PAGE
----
The plan unveiled four years ago sets out a strategy embracing three city-centre sites with the expectation of creating 5,000 jobs within five years. Work on the first location at Henry St, known as The Gardens International Office, which commenced yesterday, will involve an investment of €17.6m with a completion date in 2018.
The 2030 plan provides for the development of two other sites. One an area adjacent to Patrick St, known as The Opera Centre, will see the creation of a third-level campus with hundreds of students from the University of Limerick Institute of Technology and Mary Immaculate College moving into the city centre to study and live.
The Gardens office centre will have space for up to 750 workers and it will provide 150 jobs during construction. The Gardens’ project contract signed last week by JJ Rhatigan & Company builders and Limerick 2030 is the first special purpose vehicle of its kind in Ireland and was created by Limerick City and County Council to purchase and build strategic but unused key sites in the city.
Limerick 2030 chairman, Denis Brosnan, said The Gardens development will be the catalyst for a new era of growth for Limerick.
He said: “This is the first in a wider programme that is going to transform Limerick into a dynamic living and working city capable of competing with the leading destinations in Europe for inward investment. Limerick’s time has come and timing is a key aspect of this given the capacity constraints and competitive issues that other cities who want this type of investment have.
“It’s also timely from a Brexit perspective as Limerick, with high-end projects like this, will be the best placed and most competitive English-speaking city in the EU for inward investment. We will have state-of-the-art space in a city that has been revitalised over the last three years or so but remains an extremely cost-effective location for operating international business in and from.”
Conn Murray, the chief executive of Limerick City and County Council, said Limerick has seen significant job creation and over €1.3bn invested over the last three years with the fastest growing employment rate in the country.
Mr Murray said: “The Gardens will now trigger a new wider programme of investment in infrastructure to bring that record period in Limerick to another level. Limerick is rejuvenated, it is attracting a lot of international attention and now we will be able to offer what FDI and indigenous investors mostly look for — inner city locations in a vibrant city where people can work and, indeed, live. This will be a landmark project for Limerick and in time we will look back on it as pivotal moment for the city and region.”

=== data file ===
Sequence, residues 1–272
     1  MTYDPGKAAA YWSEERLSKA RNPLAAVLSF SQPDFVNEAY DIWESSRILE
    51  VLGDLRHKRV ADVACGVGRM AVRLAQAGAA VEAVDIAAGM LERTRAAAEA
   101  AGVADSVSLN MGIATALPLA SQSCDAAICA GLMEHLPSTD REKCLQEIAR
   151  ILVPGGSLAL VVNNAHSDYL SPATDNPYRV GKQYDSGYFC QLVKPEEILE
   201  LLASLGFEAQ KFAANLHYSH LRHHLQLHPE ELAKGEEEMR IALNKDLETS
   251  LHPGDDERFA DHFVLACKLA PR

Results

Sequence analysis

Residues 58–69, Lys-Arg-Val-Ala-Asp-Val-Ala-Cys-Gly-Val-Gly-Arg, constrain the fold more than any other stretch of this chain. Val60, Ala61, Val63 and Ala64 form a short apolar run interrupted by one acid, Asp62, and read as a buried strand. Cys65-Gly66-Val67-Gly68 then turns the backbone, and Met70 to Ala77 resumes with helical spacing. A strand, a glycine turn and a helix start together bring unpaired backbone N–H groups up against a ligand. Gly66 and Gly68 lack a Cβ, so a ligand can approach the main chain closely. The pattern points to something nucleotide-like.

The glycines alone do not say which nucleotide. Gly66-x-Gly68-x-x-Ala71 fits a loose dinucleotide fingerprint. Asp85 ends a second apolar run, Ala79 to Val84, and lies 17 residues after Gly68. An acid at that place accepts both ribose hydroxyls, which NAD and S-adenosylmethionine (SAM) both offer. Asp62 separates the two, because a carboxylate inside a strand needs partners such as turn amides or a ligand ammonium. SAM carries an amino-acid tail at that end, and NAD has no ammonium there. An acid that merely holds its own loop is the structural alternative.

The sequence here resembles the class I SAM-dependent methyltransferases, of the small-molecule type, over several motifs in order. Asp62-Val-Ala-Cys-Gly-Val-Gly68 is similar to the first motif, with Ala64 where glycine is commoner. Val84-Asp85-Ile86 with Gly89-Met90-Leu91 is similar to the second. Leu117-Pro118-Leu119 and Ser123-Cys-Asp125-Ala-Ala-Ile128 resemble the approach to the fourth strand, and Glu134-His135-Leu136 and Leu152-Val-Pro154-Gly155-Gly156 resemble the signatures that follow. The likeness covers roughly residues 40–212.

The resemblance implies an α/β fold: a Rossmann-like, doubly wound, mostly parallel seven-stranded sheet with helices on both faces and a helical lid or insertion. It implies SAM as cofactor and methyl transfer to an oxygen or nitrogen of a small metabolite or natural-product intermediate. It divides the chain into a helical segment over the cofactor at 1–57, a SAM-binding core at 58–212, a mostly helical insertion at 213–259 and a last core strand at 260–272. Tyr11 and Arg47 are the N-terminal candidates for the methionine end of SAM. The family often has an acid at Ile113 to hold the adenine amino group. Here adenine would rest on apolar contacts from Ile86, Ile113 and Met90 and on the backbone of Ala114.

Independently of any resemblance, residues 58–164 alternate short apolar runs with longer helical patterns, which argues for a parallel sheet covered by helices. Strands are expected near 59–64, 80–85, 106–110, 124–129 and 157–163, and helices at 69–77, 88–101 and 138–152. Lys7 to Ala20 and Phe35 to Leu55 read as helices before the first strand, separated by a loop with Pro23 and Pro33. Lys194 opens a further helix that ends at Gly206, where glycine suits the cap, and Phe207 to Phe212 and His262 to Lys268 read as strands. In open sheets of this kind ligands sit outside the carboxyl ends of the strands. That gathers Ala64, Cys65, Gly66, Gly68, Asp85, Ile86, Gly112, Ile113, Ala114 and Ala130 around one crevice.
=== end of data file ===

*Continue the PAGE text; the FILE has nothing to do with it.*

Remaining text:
The Henry St site was part constructed during the boom but has remained a shell development since work ceased there several years ago. The five-floor development will be suitable for a range of uses.
It has been designed to a high spec, with a modern office feel dovetailing and entirely complementing the aesthetics of an architecturally significant building considered one of Limerick’s most unique.
Developed in 1808 by the Roches family, the old limestone-faced building with stunning red-bricked internal barrel vaults was a revolutionary project for its day, having been designed with a sophisticated heating and irrigation system to support roof-top hanging/vertical gardens with vegetation such as exotic fruits such as oranges, grapes and pineapples.
Aim to ‘get fundamentals in place’ for city centre
One of the main goals of the Limerick 2030 plan is to ensure the city centre fulfils its economic potential by becoming a desirable place in which to do business.
The aim is to create a city centre setting capable of attracting new inward business investment and encourage new local enterprises by providing high-quality space and necessary business supports.
The plan states: “The city centre should be at the heart of the wider economic strategy for Limerick, developing its role as a place of creativity, culture and consumption. It is the ‘shop window’ for Limerick.